Raised beds can be made from different materials, including stone. Now is a good time to prepare your garden for spring by designing or building your raised beds. Photo: Khursheed Mama.

“Be careful not to over-amend,” Mama said. “If you’ve added amendments for several years in a row, you may not need additional organic matter.”

Get your garden infrastructure in place

Now is an excellent time to build beds or relocate, repair or expand existing beds. If making raised beds, don’t overthink the design. You can use rocks, stones, concrete blocks, lumber or bricks. While railroad ties are not recommended due to the potential compounds leaching out of them, cedar and other natural, rot-resistant woods are fine.

If you are making new beds, add a barrier underneath that will decompose over time. Newspaper works well and will help prevent grasses or weeds from coming up.

Plan where your beds will go. Most vegetables need at least eight hours of sunlight, Mama said. The morning sun is generally not as intense as afternoon rays. Make sure the beds won’t be shaded by structures or trees, and avoid low spots for your yard where drainage isn’t good. Consider putting beds near a water source to make things easier.  If your beds are where you see them daily, you’re less likely to forget about them.

Consider testing your soil

You can test your soil now to understand how to better prepare it for planting. Soil sampling in Colorado can be done through the CSU Soil, Water and Plant Testing Laboratory for a fee of $15 to $40. Try to grab soil samples about six inches down in half a dozen different places around your garden, then mix the samples together if your soil is a similar mixture throughout. Alternatively, you can test individual locations independently. It can take several weeks to get results back so plan ahead. Ask the CSU Extension office or a Colorado Master Gardener to help explain the results.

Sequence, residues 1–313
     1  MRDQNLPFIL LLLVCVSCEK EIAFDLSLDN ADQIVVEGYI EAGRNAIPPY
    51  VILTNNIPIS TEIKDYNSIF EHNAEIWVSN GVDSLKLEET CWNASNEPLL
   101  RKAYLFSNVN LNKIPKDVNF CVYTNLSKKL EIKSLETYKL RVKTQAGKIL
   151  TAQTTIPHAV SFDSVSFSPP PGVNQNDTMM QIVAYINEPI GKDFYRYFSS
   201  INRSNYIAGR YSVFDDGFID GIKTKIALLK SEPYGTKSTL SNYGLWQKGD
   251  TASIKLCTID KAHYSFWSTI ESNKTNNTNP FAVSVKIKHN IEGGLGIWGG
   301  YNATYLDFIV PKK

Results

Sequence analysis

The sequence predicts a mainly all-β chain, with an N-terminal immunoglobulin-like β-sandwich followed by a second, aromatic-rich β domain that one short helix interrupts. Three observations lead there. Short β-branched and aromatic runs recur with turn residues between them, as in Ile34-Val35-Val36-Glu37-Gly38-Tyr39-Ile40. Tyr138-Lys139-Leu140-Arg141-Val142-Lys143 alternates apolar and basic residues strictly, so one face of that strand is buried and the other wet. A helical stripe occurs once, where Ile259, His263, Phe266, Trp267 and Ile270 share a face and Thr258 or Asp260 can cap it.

Plan your watering system for your garden

Consider the watering system you want to use such as drip or small soaker hoses. Layering mulch over the lines or around vegetable or ornamental plants can help keep soil moisture consistent and reduce water loss to evaporation until plants grow. You can also use drip systems for containers. You can plan, purchase or install these systems now, but don’t turn on the water until the risk of freezing has passed. It’s best to set a timer for your system or set it on an independent zone of your automatic sprinkler system.

Most crops don’t like overhead watering and it increases the plant’s risk of becoming diseased.

Lawn care in early spring